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  • Empaths and Narcissists

    Can an Empath and Narcissist Be in a Relationship Together?

    Stuck between a rock and a soft place

    By Katharine Chan, MSc, BSc, PMP Published on March 13, 2024 Reviewed by Ivy Kwong, LMFTPrint Table of Contents

    In a healthy relationship, both people give and take. But what if one person does all the giving and the other only takes? This might be a case where an empath and a narcissist are in a relationship together.

    That may sound like a complicated relationship dynamic—and you’d most likely be right. This could be a recipe for a very one-sided relationship where one partner is taking advantage of the other. That is not a true partnership, and would be doomed to failure if both partners are not consistently able to meet the needs of the other.

    What It Means To Be An Empath 

    Can you easily pick up what others are feeling? Do you get overwhelmed when you are surrounded by others who are stressed? Do you get upset watching the news or violent movies? Do your friends and family tend to confide in you with all their problems? You might be an empath.

    Empaths are deep feelers who have a strong sense of intuition. They can read people like books and know who is faking and who is being authentic. They’re the ones who can tell you’re having a bad day just by being around you. And they’re the one who is the best listener in your group of friends.

    The current research isn’t clear on whether real empaths exist, at least in the sense of truly being wired differently for empathy. However, research has shown that there are specialized brain cells called “mirror neurons” that “mirror” the feelings of those around us. Some people have more of these neurons than others which may make them empaths.1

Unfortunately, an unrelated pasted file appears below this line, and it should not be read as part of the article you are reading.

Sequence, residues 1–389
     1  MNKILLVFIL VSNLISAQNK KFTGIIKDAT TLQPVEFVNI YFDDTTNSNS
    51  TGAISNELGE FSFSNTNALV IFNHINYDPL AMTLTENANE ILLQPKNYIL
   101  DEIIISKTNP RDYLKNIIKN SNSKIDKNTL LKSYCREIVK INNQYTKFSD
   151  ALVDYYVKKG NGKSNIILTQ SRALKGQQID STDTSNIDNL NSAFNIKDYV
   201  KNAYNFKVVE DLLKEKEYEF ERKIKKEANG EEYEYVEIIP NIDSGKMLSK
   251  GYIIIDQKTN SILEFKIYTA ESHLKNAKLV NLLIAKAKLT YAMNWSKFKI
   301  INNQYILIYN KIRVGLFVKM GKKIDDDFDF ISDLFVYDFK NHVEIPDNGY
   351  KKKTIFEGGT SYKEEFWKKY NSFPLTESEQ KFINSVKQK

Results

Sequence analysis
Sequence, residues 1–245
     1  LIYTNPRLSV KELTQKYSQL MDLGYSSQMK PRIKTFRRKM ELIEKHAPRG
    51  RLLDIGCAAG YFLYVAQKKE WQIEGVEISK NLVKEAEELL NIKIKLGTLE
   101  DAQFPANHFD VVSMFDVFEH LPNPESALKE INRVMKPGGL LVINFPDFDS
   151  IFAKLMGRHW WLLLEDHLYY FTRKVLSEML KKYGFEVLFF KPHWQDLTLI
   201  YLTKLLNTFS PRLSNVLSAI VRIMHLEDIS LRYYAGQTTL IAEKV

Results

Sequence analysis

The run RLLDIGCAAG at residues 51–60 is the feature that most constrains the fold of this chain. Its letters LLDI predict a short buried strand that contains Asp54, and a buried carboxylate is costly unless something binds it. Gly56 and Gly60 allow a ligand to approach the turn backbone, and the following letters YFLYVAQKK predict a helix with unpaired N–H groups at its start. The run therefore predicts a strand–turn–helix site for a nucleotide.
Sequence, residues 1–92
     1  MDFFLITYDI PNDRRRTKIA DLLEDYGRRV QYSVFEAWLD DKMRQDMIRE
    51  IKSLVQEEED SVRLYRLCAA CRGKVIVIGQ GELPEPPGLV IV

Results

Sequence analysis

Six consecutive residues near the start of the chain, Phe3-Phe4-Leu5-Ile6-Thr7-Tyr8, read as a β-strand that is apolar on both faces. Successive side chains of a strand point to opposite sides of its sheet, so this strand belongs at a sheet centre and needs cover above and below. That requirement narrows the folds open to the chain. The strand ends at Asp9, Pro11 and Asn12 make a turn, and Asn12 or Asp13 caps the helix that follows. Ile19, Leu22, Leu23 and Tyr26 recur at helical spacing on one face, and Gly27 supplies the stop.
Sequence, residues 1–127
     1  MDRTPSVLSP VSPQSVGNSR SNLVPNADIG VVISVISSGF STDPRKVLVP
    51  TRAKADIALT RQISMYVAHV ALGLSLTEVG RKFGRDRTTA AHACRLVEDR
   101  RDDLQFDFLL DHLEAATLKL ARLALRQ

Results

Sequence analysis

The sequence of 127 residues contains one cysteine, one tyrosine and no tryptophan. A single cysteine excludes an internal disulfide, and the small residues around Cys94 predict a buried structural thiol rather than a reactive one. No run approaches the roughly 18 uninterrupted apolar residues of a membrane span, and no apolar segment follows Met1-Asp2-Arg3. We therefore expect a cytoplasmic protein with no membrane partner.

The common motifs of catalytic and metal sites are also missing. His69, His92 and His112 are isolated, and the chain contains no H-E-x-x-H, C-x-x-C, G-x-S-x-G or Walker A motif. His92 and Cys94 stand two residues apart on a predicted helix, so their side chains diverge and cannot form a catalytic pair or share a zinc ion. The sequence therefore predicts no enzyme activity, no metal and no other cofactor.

What It Means To Be A Narcissist

    Have you ever met someone who loves being the center of attention? They’re constantly craving praise and validation. They get high on their narcissistic supply. They have trouble empathizing and struggle to meet the needs of others.2

    Narcissists are always looking out for themselves since they tend to have an inflated sense of self-importance. They manipulate others to get what they want and don’t feel bad doing it.

    Under certain specific criteria found in the DSM, a person with narcissistic traits may actually have a clinically diagnosable personality disorder, but one that is very difficult to treat. A narcissist is unlikely to admit to being a narcissist.

    According to the DSM, the diagnostic handbook used by healthcare professionals in the United States, an individual may be diagnosed with Narcissistic Personality Disorder if five of the following nine criteria are met:

    • Grandiose sense of self-importance (e.g., exaggerates achievement and talents, expects to be recognized as superior without commensurate achievements)
    • Fantasies of unlimited success, power, brilliance, beauty, or ideal love
    • Belief in being “special” and unique and can only be understood by, or should be associated with, other special or high-status people (or institutions)
    • Requires excessive admiration
    • Sense of entitlement, i.e., unreasonable expectations of especially favorable treatment or automatic compliance with his or her expectations
    • Interpersonally exploitive, i.e., takes advantage of others to achieve his/her own ends
    • Lacks empathy; is unwilling to recognize or identify with the feelings and needs of others
    • Envious of others or believes that others are envious of him/her
    • Arrogant, haughty behaviors or attitudes

    Empath and Narcissist Traits and Behaviors